Climatologist Judith Curry weighed in on her blog yesterday expressing her frustrations with the politicization of science. Most of what Dr. Curry says is very true and, in an ideal world, it would be best to let scientists research free from political interference. Unfortunately, it is difficult for people not to let their values or beliefs dictate their work and Dr. Curry has also spoken about the manipulation of her field for political purposes many times. In a political context, she quotes John Tierney who correctly points out there is only one ideology that poses a real danger to science toward the end of her post.
Science and Politics
By Judith Curry, October 26, 2020
“I’m reaching out to scientists this week about the election. How do you feel about it? Which of the candidates has the best plan, for you, in science and technology?”
The above question was emailed to me today by a reporter.
I am not happy with either the Democratic or Republican plans for science in the U.S. Both sides seem to want to use and misuse science as a club to further their political agendas. The Republicans seem to prefer to ignore science, while the Democrats cherry pick science to further their political agendas.
Here is the long response,some text from something that I’m working on:
Dutch regulatory lawyer Lucas Bergkamp summarizes the challenge in this way. Science has become an instrument used by politicians and agencies to arm themselves with powerful arguments in complex value-laden debates. Scientists have let the politicians hijack the scientific enterprise. Both policy makers and scientists exploit scientific uncertainty to avoid debate on the relation between science and politics, facts and values. Armed with science, politicians are able to avoid accountability for decisions. Serious debate is avoided because politicized science has purged doubt and skepticism. Activist climate science makes use of a series of strategies and tactics to influence public opinion and politics. Bergkamp concludes that climate science itself has come under siege.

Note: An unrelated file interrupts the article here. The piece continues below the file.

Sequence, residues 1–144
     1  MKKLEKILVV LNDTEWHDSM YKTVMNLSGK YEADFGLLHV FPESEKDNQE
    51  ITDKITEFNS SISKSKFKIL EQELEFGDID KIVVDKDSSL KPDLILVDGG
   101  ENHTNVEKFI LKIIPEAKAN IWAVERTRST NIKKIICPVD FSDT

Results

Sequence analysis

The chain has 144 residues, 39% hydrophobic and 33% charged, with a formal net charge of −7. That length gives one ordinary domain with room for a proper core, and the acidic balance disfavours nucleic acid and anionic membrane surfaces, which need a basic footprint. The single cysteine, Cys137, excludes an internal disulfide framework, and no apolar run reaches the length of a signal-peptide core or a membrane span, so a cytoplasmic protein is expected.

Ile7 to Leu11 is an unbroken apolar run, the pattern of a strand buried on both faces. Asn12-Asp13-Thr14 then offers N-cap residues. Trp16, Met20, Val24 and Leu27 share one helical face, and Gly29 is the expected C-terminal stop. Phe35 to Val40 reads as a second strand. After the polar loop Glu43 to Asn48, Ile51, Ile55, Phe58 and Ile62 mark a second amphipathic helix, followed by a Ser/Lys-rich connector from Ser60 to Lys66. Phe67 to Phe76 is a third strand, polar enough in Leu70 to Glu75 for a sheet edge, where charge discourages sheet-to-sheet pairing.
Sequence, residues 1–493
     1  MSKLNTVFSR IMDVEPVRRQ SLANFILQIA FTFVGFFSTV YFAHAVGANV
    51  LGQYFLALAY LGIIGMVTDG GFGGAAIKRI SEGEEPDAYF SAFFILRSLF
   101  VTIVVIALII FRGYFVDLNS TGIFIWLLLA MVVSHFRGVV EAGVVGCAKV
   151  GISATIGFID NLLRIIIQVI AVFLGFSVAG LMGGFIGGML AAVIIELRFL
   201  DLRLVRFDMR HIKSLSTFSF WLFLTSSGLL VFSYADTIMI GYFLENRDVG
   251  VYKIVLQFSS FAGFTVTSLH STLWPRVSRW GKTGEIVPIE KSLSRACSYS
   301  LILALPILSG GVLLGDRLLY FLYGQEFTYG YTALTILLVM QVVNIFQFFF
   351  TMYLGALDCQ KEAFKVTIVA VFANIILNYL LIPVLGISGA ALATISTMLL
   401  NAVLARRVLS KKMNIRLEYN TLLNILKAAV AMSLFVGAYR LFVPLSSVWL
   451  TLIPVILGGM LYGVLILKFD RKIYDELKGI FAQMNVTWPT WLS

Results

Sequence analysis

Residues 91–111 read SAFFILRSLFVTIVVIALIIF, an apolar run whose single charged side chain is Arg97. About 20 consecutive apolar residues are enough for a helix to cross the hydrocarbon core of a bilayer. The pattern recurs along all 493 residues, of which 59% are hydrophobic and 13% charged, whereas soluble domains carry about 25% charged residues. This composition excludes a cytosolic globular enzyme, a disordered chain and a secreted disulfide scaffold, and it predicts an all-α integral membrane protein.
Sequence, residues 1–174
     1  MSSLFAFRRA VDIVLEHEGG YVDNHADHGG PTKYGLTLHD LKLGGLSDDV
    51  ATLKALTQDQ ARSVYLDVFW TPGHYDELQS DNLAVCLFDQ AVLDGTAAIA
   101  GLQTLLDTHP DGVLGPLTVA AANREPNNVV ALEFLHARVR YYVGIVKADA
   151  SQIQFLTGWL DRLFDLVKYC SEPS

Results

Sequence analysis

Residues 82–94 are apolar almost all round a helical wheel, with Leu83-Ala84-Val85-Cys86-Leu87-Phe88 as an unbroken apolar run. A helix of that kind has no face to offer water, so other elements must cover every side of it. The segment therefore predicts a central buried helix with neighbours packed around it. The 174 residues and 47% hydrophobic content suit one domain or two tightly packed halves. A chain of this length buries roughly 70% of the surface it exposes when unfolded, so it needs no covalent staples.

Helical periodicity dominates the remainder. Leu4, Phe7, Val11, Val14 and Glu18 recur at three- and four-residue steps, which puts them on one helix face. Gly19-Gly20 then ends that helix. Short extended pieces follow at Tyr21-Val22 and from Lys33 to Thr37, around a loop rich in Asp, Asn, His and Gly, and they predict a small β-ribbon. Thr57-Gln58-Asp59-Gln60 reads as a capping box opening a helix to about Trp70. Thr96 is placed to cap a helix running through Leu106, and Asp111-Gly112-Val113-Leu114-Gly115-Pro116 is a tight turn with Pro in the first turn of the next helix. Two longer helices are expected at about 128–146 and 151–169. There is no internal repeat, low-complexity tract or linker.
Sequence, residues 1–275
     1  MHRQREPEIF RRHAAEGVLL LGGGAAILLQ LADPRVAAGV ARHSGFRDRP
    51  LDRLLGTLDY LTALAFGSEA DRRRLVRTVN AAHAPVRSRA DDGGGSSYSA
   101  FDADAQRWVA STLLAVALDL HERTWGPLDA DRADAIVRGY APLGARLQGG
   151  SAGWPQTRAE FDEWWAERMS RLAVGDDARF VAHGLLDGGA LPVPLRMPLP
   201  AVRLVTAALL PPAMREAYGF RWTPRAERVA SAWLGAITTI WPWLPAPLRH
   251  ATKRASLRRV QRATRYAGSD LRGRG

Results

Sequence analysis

Scientization of policy is a response to intractable political conflicts that transforms the political issues into scientific ones. The rationale for scientization is the belief that science can act as a neutral arbiter of policy — if we could only determine the facts of a matter, the appropriate course of action would become clear. The problem is that science is neither neutral nor capable of answering political questions. The answers that science gives depend on what questions are asked, which inevitably involves value judgments. Science is not designed to answer questions about how the world ought to be, which is the work of politics.